Snap and save

Find out how much
I can save

START MY SWITCH

Drivers with an eco-friendly car may wish to compare electricity prices in order to save money

Energy saving cars are growing in popularity in australia  16000646 800473846 0 0 7047409 300

It seems that with electricity prices on the rise more and more consumers are looking for cost effective ways to save money.

And while attaching solar panels to your roof or switching off appliances at the power point are smart solutions that can curb bills, it may pay to look at a range of energy options.

Running a home or business often has a number of running costs associated with simple day-to-day tasks.

Often something as straightforward as paying bills or posting mail can feel like a logistical nightmare that drains resources.

But for brands with a remote work force, issues such as gas and electricity costs often pale in comparison to the ongoing repayments made to employees forking out thousands on petrol to travel the type of long distances that have come to typify the Australian commuter experience.

With this in mind, it may not come as a surprise to learn that experts are predicting the sale of electric cars to skyrocket.

In an article on energy prices today news provider The Australian said that figures released by the federal government confirm rumours of an increase in the use of next generation auto-mobiles.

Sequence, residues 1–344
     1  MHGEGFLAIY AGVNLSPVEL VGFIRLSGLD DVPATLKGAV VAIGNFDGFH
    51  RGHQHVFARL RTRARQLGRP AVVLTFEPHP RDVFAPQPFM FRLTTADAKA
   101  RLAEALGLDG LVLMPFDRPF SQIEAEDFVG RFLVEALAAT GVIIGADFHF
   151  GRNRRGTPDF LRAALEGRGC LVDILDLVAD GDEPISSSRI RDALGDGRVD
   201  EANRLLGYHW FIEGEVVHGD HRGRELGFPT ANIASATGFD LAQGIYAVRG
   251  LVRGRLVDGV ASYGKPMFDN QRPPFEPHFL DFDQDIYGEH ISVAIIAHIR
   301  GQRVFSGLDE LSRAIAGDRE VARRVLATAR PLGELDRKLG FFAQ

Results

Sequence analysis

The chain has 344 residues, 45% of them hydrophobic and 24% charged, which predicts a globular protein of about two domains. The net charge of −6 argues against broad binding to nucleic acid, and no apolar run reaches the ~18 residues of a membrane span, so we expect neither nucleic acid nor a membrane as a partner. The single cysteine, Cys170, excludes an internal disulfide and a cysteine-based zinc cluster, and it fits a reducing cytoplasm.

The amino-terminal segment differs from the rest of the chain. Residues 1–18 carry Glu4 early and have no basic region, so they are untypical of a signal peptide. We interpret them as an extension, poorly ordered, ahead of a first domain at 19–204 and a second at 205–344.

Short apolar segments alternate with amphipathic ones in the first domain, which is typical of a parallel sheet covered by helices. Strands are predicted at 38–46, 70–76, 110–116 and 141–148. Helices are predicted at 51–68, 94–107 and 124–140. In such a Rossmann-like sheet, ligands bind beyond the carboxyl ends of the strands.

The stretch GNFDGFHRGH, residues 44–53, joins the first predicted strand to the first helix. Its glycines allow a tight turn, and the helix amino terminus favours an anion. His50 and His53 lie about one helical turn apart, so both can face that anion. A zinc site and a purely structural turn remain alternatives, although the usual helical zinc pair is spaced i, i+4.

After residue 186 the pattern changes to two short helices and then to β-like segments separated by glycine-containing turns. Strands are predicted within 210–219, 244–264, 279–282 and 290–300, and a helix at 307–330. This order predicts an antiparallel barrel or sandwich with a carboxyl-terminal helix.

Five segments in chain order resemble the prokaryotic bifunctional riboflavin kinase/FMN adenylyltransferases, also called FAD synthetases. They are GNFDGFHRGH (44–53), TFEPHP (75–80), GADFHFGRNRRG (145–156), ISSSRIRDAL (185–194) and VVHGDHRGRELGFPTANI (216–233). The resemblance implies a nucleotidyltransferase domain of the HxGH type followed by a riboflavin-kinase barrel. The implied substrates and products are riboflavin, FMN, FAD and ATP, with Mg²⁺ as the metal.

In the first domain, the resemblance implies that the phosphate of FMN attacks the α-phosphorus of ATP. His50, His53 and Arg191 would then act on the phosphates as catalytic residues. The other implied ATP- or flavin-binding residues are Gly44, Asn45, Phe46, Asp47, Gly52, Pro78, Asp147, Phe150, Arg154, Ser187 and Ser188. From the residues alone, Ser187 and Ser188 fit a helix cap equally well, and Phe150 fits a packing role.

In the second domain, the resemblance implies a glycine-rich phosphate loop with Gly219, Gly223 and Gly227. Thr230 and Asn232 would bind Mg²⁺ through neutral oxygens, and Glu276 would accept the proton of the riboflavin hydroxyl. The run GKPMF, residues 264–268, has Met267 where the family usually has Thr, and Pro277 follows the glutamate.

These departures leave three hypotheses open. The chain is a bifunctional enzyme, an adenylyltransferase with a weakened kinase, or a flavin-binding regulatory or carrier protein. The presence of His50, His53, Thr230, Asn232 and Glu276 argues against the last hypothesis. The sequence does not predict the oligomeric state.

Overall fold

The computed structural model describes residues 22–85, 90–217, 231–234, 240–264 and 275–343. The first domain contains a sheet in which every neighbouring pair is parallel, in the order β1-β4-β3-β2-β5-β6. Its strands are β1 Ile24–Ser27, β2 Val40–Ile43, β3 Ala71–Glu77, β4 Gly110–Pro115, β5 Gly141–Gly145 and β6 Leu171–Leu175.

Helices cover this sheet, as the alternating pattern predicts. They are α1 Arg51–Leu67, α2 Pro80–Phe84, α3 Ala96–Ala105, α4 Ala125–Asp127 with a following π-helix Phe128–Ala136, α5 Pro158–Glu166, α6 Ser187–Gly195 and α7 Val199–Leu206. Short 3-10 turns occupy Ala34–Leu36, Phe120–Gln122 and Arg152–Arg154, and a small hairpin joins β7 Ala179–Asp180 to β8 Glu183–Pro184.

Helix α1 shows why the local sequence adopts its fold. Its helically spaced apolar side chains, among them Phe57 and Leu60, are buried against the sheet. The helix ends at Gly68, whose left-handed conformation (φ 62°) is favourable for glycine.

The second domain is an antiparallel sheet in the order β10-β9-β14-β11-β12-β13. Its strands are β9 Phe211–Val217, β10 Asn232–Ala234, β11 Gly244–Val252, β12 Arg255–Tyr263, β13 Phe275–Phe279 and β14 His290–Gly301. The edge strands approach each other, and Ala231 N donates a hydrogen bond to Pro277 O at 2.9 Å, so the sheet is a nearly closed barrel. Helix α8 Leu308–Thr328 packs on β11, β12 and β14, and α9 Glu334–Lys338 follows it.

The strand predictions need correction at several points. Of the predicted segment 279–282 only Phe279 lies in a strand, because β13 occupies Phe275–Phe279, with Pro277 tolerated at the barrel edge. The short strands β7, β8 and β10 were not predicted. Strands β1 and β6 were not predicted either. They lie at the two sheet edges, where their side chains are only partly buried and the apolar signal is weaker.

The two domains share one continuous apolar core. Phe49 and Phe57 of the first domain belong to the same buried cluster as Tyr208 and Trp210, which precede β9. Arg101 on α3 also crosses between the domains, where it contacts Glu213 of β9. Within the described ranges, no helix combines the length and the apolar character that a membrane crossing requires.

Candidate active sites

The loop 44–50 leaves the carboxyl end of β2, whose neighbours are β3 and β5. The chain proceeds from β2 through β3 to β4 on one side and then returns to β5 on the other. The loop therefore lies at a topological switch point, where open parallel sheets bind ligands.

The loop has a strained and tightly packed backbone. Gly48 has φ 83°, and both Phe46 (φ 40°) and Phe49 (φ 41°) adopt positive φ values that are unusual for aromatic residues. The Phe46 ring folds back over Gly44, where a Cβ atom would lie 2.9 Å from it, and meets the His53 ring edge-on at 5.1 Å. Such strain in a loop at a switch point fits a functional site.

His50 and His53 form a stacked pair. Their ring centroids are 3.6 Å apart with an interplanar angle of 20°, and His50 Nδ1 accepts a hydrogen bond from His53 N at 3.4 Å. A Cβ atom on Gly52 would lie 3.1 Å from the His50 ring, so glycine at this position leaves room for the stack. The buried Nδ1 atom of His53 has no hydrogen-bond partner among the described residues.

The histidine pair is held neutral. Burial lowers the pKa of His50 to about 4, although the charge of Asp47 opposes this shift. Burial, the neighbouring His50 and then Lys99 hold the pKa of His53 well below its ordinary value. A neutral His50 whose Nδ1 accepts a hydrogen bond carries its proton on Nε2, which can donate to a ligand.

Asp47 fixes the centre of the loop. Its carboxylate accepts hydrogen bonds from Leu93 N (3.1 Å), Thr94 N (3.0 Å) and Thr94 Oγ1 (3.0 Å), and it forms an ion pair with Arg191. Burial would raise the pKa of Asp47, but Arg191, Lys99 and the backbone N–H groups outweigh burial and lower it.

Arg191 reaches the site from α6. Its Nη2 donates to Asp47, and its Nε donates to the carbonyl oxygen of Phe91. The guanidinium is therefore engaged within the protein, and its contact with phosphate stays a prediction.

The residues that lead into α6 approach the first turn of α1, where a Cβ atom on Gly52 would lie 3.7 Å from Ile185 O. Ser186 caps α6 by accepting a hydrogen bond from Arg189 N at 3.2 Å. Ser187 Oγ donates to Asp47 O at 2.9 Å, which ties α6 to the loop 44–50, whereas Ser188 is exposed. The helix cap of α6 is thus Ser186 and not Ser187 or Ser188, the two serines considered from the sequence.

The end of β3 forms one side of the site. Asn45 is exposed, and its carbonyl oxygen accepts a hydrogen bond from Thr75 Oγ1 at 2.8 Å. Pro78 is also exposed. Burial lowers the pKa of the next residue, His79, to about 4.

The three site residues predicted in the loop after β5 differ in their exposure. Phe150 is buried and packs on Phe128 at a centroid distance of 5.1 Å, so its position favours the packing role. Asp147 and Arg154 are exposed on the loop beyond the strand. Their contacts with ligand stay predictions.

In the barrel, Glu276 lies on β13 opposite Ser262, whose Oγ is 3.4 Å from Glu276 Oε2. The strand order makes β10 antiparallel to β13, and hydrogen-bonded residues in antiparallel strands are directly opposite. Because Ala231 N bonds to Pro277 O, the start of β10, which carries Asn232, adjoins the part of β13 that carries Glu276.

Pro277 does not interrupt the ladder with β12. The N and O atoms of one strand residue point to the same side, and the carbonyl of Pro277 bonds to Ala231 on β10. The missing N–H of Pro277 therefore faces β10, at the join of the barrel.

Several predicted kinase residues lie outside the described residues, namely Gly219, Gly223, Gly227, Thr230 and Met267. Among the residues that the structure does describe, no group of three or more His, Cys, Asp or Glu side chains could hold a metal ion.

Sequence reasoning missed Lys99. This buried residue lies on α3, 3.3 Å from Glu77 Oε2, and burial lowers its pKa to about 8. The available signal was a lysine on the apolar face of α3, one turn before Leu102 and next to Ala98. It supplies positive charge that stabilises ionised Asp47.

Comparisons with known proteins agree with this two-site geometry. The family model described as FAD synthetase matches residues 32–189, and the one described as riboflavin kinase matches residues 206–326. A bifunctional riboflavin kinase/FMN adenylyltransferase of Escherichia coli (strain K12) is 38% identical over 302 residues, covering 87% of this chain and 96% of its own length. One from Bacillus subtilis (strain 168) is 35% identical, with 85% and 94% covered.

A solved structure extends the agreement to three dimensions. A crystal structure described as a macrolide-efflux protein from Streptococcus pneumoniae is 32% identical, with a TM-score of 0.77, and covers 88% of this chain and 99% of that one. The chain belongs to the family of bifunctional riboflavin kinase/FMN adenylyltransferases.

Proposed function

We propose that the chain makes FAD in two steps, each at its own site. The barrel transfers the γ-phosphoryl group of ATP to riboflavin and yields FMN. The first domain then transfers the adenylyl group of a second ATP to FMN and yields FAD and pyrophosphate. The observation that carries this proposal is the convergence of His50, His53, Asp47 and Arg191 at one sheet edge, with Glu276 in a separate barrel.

Ongoing studies into the technology conscious consumer shows that individuals are keen to turn their back on petrol guzzling models and adopt clean energy practices.

Report findings reveal that as many as 20 per cent of all new car sales will involve an electric vehicle by 2030, which is a projected increase of 45 per cent.

Experts are suggesting that the surge in popularity may be due to a number of competing factors such as a greater awareness of environmental issues, lowering sale prices as well as a desire to avoid paying high prices for petrol and diesel.

However, some commentators are concerned that the burgeoning popularity of electric and hybrid cars could end up costing tax payers.

Advanced modelling seems to suggest that the changing face of the motor vehicle industry may come with a $10.2 billion fee attached.

For consumers attempting to charge their cars in peak periods it will have an impact on the overall price of electricity.

If you are environmentally aware with an electric or hybrid car, it might be a good idea to compare electricity prices in order to make sure that you are getting the best value for money.

Posted by Charlie Moore